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Jun 09 • 2013 • FeaturesGardenPicnicRoseRose GardensStatuesTouristWaterroses



Tees Valley’s Wynyard Hall Hotel will embark on a £4m investment plan, including the development of a cookery school, creating 50 jobs.

The hotel recently received planning permission to redevelop its walled garden and develop a cookery school, event space and accommodation, and visitor centre and café.

At the centre of the development will be a new Rose Garden which will mark the culmination of a long-held dream by the hall’s owner, Sir John Hall.

The plans for the Rose Garden include planting the biggest variety of roses in Europe along with water features, statues, Italian terraces and picnic areas– ensuring it will become a major tourist attraction in the North East.

Paul Mackings, chief executive for Cameron Hall Developments which owns Wynyard Hall, said: “The new plans stay true to Sir John Hall’s vision which is to create a wonderful space full of roses.

“I can’t emphasise enough how excited we are about these new plans – we want Wynyard Hall and its grounds to be a place for everyone to enjoy. We intend that the new Rose Garden and Visitor Centre will be somewhere that people will want to visit time and time again.

“Alongside the pure enjoyment of visiting the gardens throughout the year we also hope that our passion and commitment to providing the widest of rose species will encourage interest for horticulturists both here and abroad.“

Wynyard Hall say the development will create 40 full time, and 20 part time jobs.

Allison Antonopoulos, managing director of Wynyard Hall, said: “She was delighted that the plans had been given the green light.

“The development of the Walled Garden will allow us to continue with the restoration and development of this magnificent stately home for future generations to enjoy.“

Details of all our roses are available on our web site. Over 1000 varieties to choose from.




Feb 10 • 2013 • BalckBushDeeplyDideaseHumidityDryFAQGardenMildewRainfallRoot.GrowthSpotWaters

FAQ Frequently Asked Questions


Q. How often should I water my roses ?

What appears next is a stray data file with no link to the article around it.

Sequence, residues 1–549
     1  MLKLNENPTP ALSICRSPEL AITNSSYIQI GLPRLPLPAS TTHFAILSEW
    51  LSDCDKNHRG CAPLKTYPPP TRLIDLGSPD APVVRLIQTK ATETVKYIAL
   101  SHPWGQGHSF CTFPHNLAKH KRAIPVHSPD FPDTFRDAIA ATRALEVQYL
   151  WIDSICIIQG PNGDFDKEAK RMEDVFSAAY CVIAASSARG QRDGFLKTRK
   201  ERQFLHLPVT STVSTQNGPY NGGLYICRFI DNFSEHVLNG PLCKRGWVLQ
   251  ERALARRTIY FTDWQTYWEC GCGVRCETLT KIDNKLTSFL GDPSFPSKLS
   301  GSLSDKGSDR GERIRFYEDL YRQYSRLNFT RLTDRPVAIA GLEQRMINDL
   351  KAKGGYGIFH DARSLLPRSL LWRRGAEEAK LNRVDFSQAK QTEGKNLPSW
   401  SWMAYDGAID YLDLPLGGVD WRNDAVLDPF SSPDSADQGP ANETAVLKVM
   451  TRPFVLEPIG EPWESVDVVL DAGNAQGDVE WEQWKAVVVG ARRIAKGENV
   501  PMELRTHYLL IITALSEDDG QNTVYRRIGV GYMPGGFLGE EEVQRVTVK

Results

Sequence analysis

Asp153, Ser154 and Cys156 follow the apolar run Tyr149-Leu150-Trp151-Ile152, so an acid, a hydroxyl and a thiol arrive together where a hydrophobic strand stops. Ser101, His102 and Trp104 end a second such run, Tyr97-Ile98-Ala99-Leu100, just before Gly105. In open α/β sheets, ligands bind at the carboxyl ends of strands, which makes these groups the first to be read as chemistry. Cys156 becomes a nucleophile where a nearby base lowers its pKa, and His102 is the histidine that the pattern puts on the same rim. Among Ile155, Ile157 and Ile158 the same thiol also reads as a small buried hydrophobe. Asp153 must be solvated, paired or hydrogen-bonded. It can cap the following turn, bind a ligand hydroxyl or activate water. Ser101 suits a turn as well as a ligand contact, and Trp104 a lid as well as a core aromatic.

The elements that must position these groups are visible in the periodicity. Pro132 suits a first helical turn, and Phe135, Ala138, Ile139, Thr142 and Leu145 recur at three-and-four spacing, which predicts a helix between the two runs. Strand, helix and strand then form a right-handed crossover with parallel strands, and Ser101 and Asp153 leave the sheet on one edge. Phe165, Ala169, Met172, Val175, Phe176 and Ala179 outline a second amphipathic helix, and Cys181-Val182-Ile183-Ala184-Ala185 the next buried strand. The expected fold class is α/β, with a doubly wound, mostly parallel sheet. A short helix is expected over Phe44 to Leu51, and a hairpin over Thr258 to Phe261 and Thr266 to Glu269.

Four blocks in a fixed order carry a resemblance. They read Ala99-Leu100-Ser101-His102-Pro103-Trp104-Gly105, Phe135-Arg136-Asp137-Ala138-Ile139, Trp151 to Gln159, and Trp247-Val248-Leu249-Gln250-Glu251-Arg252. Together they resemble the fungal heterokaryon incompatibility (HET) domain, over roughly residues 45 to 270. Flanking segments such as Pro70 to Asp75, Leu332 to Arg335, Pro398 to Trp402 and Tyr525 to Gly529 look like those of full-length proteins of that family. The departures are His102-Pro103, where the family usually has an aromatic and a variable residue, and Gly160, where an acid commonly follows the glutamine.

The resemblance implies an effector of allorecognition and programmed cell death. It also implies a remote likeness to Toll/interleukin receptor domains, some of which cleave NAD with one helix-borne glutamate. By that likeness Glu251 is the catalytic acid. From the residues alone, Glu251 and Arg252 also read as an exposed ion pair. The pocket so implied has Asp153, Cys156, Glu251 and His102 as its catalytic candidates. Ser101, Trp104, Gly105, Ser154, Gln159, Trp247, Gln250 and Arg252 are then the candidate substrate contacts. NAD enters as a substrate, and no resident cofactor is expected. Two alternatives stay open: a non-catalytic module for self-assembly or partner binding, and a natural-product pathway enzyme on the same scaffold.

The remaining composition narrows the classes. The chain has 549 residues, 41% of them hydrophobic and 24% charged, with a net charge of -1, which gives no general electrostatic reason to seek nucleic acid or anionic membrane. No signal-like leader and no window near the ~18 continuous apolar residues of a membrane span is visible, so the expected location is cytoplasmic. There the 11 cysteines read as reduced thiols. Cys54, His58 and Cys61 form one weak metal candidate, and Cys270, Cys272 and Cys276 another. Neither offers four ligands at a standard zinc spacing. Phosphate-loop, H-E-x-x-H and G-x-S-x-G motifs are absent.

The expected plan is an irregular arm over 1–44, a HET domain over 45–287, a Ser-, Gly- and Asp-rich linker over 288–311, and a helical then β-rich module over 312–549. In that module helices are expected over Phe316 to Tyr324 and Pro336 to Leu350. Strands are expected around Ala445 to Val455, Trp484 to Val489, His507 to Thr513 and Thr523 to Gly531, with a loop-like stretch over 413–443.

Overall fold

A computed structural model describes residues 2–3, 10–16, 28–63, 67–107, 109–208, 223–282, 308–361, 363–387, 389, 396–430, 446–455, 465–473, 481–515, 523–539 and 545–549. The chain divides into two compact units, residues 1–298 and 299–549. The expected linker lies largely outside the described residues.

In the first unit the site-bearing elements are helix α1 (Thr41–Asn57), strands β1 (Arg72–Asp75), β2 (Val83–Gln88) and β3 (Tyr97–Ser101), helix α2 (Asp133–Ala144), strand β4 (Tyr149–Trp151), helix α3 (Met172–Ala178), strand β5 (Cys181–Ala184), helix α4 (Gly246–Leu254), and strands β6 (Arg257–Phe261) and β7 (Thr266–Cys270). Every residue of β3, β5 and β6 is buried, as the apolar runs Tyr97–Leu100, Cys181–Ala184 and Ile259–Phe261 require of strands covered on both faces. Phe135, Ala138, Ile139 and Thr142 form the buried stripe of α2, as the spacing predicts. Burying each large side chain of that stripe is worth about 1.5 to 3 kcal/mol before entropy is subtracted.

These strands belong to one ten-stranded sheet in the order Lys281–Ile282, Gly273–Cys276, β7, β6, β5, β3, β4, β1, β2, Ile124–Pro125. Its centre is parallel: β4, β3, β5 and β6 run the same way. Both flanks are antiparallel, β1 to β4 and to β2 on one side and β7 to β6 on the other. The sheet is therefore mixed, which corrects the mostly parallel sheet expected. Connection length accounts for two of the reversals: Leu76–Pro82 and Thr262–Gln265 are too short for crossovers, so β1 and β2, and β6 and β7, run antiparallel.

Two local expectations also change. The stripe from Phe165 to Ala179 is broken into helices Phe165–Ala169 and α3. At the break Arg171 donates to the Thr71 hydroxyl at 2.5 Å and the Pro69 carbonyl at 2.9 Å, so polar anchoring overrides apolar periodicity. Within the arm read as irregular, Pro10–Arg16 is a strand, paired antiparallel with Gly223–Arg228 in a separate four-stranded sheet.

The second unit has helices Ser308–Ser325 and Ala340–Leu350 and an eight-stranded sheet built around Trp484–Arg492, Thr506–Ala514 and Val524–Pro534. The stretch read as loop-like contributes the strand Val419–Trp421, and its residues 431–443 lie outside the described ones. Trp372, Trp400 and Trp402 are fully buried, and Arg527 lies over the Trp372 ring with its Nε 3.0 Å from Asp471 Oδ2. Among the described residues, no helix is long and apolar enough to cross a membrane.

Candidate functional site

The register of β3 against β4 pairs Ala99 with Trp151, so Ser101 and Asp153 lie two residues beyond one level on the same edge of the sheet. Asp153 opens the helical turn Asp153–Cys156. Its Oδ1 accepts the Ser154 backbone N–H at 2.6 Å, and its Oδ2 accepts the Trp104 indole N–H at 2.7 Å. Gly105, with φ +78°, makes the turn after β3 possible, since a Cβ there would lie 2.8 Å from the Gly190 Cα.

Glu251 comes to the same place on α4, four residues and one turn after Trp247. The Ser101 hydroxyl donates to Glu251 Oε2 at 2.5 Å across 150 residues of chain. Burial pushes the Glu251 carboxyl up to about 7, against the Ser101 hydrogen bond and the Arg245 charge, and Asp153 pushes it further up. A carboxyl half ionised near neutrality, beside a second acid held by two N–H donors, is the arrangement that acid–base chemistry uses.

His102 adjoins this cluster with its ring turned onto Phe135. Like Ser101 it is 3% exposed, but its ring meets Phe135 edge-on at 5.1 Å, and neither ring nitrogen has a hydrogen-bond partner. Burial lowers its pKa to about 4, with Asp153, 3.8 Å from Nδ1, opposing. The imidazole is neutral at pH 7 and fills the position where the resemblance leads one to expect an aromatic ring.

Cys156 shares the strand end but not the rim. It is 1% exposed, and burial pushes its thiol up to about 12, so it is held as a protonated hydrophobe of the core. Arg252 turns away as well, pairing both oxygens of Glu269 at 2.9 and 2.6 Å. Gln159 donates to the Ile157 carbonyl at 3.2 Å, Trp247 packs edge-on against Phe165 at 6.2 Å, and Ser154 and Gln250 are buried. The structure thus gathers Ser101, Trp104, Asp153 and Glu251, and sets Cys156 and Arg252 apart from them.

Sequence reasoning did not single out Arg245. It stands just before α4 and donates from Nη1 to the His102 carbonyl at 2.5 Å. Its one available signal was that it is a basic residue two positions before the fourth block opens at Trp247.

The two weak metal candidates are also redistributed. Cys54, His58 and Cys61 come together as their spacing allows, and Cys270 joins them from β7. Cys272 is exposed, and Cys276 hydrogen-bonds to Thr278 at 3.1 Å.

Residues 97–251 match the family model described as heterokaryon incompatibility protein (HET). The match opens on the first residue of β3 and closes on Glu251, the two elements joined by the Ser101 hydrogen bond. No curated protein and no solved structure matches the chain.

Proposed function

1. A.      Nothing is more important for a rose bush's survival and performance than water. Roses absolutely love water.
  • In general, soil for roses should be watered  deeply, but infrequently. This will encourage strong root growth. Even      during winter, occasional watering of garden roses during dry periods will help them perform better during the next growing season.
  • Water in the morning to help prevent black spot and mildew.
  • Avoid wetting the plant's leaves during regular watering, which can spread disease.
  • However, about once a week, give your rose a "shower" with a spray nozzle hose attachment. This treatment not only adds water and humidity, it clears leaves of dust, dirt etc. or other harmful insects. Never sprinkle bushes in the afternoon or evening, which can promote disease.
  • Roses should receive 1 to 2 inches of water each week. Rule of thumb is to water two to four times a week, especially if there is no rainfall, or in very hot or windy conditions.
  • Container roses will need to be watered frequently because water evaporates more quickly from plants above ground.      Initially, water the plant well to get it firmly established.
  • During growth cycles, stick a finger in the soil to check for moisture. If your finger comes out literally dry, it's time to add water. Muddy soil means the plant is getting too much water.      Moist soil should be an indicator that the water amount is just about right.

Mulch (2 to 3 inches around a bush) to help retain moisture from watering and reduce future watering needs. Mulching also helps keep the soil cool and helps control weeds. Details of all our roses are available on our web site. Over 1000 varieties to choose from. (click below)